Basilisks hissed quietly, and the terrasque stood with obdurate stillness.  Waiting for the signal to attack the wizards and consume their flesh and taste their blood.  Waiting.

The goblin handed the spear to another, and raised the visor of his helmet.  He had a sneer on his face as he stared down at the village.  A shiver ran up the collective spine of the defenders of the Hollow.  They looked at goblin silver and basilisk scale, and they knew despair.

The goblin removed a shining gorget from around his throat, and drew a wand from a simple leather holster at his side.  He waved it in the air and touched it to his throat, saying something.  Nothing happened, but sharp-eyed wizards divined he was attempting the Amplifying Charm.

It was a simple spell, but it took him ten or eleven tries to cast it properly.  Still, considering it was the first time many of the wizards had ever seen a goblin cast a spell, it was a remarkable achievement.  The goblin cleared his throat, and began to speak, his voice raw with emotion and thick with a Gobbledegook accent.

“I am Bilgurd the Marrowed.  I speak for the Urgod Ur, work-leaders of the Great City of Ackle!  I speak too for the Burgod Bur of Curd, the Malwirt Mal of Podhurt, the Salwirt Sal of the Freihammer Mons, the Curl of Shikoku, and the Curl of Waimate Wam, and the Curl of Singurd!  I speak for the goblin nation!”

His voice rang out over Godric’s Hollow, the assembled monsters, and the shaken defenders.

“We are goblins, and we do not forget!

“One thousand years ago, our cities were bright and proud with our will-work -- the secret arts of transfiguration known only to us!  Ackle was a city of marble and diamond, beautiful to behold.  Wizards saw the will-work of the seven cities, and were jealous, and so men like Severus Hortensius took our wands by force!  Goblins were banned from owning wands, and the seven cities became small and dark, and we do not forget!”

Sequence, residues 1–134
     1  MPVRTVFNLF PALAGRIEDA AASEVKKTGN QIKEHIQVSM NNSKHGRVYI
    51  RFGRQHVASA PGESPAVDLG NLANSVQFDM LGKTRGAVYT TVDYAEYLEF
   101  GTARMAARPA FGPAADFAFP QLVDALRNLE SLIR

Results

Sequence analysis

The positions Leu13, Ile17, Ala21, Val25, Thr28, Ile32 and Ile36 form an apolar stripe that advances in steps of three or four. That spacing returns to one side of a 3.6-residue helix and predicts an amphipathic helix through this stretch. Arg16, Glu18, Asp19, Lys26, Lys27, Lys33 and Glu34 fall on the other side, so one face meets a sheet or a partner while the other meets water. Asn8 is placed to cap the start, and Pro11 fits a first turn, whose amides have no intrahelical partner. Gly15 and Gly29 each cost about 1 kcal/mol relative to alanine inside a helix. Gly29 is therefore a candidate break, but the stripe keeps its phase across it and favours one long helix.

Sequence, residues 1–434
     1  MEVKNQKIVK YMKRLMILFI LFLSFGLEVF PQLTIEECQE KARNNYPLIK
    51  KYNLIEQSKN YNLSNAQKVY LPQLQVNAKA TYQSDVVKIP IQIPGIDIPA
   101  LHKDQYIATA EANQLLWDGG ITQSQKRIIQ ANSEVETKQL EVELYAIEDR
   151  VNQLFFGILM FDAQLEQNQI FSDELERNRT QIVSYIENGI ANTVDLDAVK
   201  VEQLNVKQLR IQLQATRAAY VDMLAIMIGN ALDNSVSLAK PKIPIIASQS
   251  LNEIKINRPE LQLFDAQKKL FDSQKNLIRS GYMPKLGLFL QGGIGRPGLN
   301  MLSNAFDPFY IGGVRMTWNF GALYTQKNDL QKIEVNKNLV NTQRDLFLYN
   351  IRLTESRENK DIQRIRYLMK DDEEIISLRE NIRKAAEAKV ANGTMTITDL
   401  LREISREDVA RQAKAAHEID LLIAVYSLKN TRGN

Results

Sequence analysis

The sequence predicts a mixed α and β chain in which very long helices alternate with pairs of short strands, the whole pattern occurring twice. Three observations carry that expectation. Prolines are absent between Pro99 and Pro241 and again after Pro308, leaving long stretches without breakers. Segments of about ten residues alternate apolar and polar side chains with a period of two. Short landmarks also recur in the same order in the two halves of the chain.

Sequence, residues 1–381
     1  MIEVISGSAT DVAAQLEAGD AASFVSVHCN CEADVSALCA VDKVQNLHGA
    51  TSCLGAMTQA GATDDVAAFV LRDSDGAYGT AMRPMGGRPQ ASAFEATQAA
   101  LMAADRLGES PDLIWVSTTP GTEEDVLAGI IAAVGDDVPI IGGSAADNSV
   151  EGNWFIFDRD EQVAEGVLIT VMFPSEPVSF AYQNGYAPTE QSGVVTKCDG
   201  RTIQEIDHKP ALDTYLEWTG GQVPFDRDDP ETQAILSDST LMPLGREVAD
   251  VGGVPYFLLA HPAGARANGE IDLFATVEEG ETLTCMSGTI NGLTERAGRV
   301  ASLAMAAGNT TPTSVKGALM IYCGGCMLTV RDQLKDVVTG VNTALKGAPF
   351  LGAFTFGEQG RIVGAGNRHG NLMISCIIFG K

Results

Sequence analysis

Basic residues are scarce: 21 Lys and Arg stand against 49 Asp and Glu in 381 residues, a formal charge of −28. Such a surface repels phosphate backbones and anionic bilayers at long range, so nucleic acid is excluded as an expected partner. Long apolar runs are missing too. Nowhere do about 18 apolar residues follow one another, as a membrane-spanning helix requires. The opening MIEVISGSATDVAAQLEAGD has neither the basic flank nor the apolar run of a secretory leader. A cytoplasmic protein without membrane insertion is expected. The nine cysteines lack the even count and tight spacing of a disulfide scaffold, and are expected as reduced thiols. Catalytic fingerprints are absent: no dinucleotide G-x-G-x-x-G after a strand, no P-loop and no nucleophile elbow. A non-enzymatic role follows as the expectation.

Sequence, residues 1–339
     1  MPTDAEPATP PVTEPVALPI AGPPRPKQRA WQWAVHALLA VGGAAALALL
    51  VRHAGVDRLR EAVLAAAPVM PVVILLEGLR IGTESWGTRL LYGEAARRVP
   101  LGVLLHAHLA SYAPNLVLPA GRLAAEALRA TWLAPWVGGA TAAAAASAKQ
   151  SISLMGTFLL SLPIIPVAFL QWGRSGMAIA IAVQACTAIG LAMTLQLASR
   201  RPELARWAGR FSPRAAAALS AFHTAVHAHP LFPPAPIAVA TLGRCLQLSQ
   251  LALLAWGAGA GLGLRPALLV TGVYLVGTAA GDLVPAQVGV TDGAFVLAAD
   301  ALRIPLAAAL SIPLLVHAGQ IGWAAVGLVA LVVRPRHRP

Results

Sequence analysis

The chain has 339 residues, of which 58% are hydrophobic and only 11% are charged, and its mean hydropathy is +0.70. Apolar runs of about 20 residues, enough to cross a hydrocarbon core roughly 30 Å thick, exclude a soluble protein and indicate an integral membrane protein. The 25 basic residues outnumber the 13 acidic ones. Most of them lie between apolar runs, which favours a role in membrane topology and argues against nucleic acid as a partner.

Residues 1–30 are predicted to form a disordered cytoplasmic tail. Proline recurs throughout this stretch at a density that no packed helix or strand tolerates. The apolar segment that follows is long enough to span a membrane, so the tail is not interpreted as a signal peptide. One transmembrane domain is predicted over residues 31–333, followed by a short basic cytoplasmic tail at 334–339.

Bilgurd’s voice was black with bitterness.

“Five hundred years ago, we were wandless, and we had to rely on our hammer-work and our wits!  Yet still, wizardkind was jealous!  Our goods were taken by force; Gringotts of London and Lurgods of Kochi were stolen from their rightful owners, and their gold heaped into wizarding coffers!  We were robbed, and still today that gold sits in the vaults of wizards of noble blood, and we do not forget!”

Two of the dark wizards standing behind the basilisks and terrasque exchanged mocking smiles, their unease forgotten in their contempt.

“Three hundred years ago, wizards decided that their dominance and blood-thirst was not yet sated!  Wizards -- that people that held elves in thrall and murdered Muggles and hunted centaurs for sport -- these wizards feared reprisal from their victims!  And little wonder!  And so wizards closed themselves away from Muggles and decreed that no goblin could ever again roam free on the land!  Wizards dared to lock away entire peoples in a bondage of secrecy so complete that few even question its justice!  We have been bound by the Statute for centuries, though our Things have no voice in the Confederation that gives it authority, and we do not forget!”